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Facebook is your veterinary practice's frenemy


Learn how to harness Facebook's strengths and limit your vulnerabilities.

Facebook is not only one of my advertising methods, it's my primary-and most effective-one. I spend less than $100 per month and reach an average of 30,000 current and potential clients with targeted messages. But if this sounds too easy to believe, that's because it is.

Facebook can be an incredibly useful tool, but practices should be aware of the opportunities it offers and the threats it poses. Here are the four tricks I use to tame what can be an unpredictable beast …

1. Share success stories

Most people love happy endings and cute animal photos, so combining the two is always a hit. I manage an eight-doctor 24/7 emergency hospital, so I have plenty of opportunities to post stories of dramatic, lifesaving cases my clients love. Every 10 days I'll choose the story of a patient who was hospitalized in my ICU and restored to health because of my veterinary team's heroics.

Here's my process for vetting cases that I promote on Facebook:

1. Ensure the case has dramatic aspects that would make it popular.

2. Get client permission.

3. Review the medical record and ensure nothing unusual was performed and everything was textbook. Since I have such a large doctor staff under me, I have several of them read the article for accuracy and screen for medical negligence.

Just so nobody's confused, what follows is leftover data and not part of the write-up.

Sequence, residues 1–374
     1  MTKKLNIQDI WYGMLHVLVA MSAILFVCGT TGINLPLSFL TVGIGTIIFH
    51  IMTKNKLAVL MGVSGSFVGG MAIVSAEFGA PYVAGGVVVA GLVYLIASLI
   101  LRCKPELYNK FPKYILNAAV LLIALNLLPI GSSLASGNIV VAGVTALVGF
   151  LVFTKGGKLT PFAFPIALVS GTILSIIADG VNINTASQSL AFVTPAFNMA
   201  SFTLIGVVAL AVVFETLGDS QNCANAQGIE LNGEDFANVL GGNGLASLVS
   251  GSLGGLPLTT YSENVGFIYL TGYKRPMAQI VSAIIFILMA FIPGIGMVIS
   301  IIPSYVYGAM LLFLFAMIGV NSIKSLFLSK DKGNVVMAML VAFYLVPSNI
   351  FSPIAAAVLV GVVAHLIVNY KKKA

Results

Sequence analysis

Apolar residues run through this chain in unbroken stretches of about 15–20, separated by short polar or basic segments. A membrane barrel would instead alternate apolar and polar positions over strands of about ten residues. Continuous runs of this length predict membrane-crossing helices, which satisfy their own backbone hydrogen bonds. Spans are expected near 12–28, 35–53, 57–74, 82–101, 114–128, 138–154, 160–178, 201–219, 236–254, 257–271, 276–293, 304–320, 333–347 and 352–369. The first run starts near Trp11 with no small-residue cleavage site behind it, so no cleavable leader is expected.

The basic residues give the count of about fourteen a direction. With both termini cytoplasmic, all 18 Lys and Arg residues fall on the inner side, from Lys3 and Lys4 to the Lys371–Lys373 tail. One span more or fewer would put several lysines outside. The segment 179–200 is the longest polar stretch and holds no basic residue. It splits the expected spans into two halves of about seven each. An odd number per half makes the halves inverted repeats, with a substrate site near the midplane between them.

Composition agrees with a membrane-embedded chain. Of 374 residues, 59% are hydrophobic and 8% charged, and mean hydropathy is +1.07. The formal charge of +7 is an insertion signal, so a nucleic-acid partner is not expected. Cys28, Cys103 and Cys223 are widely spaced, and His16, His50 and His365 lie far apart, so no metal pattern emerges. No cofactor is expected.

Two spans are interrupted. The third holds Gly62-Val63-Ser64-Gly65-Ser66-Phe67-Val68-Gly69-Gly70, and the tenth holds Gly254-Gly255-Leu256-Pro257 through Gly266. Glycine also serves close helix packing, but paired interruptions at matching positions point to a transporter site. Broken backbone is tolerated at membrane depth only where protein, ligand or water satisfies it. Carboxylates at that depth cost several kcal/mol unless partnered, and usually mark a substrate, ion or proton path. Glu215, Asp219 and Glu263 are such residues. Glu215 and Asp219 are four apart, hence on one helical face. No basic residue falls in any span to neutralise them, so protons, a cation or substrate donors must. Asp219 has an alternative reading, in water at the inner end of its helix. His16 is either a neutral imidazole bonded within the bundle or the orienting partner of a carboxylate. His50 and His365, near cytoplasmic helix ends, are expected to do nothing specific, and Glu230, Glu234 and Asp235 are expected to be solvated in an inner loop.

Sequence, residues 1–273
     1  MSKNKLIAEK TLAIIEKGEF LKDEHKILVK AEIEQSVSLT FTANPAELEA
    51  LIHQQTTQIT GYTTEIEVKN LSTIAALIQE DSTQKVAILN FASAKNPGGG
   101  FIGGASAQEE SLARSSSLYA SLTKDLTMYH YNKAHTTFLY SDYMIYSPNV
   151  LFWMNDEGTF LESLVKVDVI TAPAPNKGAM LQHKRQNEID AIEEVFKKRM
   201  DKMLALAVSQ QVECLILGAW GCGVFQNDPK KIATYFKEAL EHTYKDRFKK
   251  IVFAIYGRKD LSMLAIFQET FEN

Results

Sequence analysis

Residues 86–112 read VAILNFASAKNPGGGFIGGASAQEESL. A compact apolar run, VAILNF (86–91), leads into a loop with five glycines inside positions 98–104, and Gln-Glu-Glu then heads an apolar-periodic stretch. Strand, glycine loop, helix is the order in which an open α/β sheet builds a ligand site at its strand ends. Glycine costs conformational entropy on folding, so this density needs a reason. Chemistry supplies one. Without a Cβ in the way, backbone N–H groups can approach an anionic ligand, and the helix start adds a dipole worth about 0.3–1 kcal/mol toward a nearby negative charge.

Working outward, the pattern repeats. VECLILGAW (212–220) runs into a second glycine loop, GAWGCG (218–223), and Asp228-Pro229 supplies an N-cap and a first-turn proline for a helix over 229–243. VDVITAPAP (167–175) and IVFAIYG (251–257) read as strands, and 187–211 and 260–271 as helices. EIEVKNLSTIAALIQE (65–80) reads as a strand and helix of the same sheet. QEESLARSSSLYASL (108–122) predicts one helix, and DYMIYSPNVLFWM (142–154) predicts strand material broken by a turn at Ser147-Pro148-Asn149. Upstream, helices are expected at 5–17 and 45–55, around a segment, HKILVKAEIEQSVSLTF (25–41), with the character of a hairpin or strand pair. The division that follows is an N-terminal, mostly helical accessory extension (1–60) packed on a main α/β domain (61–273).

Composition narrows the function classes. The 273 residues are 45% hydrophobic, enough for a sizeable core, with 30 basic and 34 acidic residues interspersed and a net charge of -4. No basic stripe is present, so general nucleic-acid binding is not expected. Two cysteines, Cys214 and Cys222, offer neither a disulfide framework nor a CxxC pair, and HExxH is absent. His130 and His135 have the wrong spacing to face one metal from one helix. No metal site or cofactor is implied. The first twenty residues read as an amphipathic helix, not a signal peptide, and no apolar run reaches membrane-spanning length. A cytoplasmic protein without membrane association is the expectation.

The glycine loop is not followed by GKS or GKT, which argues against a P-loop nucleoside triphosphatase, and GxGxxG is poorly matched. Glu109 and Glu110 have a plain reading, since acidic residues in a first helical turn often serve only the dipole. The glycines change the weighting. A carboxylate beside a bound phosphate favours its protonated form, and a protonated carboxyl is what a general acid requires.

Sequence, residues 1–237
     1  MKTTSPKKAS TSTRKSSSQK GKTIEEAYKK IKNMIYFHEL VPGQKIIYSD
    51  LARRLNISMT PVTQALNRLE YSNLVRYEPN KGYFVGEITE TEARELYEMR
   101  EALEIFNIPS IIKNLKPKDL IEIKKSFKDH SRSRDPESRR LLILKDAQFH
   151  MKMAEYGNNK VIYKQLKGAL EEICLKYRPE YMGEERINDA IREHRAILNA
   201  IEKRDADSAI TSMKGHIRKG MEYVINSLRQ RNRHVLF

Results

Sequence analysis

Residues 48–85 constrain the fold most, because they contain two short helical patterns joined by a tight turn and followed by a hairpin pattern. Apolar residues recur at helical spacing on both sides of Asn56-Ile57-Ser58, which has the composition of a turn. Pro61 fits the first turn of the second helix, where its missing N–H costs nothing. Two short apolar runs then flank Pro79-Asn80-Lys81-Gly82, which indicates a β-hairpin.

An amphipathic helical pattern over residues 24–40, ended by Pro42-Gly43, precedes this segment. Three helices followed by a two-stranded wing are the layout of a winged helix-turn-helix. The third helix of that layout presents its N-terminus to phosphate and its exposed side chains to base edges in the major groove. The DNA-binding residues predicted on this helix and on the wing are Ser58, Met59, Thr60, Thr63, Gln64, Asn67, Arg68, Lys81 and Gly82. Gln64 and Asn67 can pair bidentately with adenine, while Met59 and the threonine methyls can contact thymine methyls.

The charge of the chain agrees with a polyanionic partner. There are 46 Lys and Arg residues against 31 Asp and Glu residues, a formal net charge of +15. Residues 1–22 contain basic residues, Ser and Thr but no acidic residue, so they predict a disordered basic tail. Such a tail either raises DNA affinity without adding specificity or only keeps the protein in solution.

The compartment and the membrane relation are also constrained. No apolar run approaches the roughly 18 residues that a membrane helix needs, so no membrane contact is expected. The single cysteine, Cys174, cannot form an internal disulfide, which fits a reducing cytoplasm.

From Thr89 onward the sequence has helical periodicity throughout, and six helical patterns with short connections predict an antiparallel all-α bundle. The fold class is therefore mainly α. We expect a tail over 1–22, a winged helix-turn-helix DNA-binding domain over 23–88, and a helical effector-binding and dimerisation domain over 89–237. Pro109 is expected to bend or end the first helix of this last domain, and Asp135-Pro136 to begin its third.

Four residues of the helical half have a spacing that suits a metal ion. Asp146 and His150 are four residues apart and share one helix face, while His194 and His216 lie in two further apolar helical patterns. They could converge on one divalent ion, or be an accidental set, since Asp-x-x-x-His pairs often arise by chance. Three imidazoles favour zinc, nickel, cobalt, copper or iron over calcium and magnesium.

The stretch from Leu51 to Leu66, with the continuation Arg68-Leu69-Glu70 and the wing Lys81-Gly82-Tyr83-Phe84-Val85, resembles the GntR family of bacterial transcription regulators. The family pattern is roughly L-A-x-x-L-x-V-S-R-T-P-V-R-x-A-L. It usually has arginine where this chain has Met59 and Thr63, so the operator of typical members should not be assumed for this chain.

First, make sure that you have the client's permission to use their animal in your marketing materials. Then write a post about 250 words long that contains key words or phrases such as “severe,” “administered” or “lifesaving procedure.” I'll name the doctors and veterinary assistants involved and use pictures of the patient in the ICU and after recovery. If we took any radiographs, I use them. Assembled together as a collage, the post is a compelling reason for current and prospective clients to “like” or “share” it and promote my hospital.

Making the situation sound dramatic is a major part of the clients loving it, but a little light humor is also effective. For example, gently remind the patient not to repeat the mistake that led to the predicament.

Don't forget you're not submitting the post to a medical journal, and your target audience doesn't have a medical degree-you're lucky if they have a few seasons of “Grey's Anatomy” under their belts. Also, consider the average attention span of your crowd.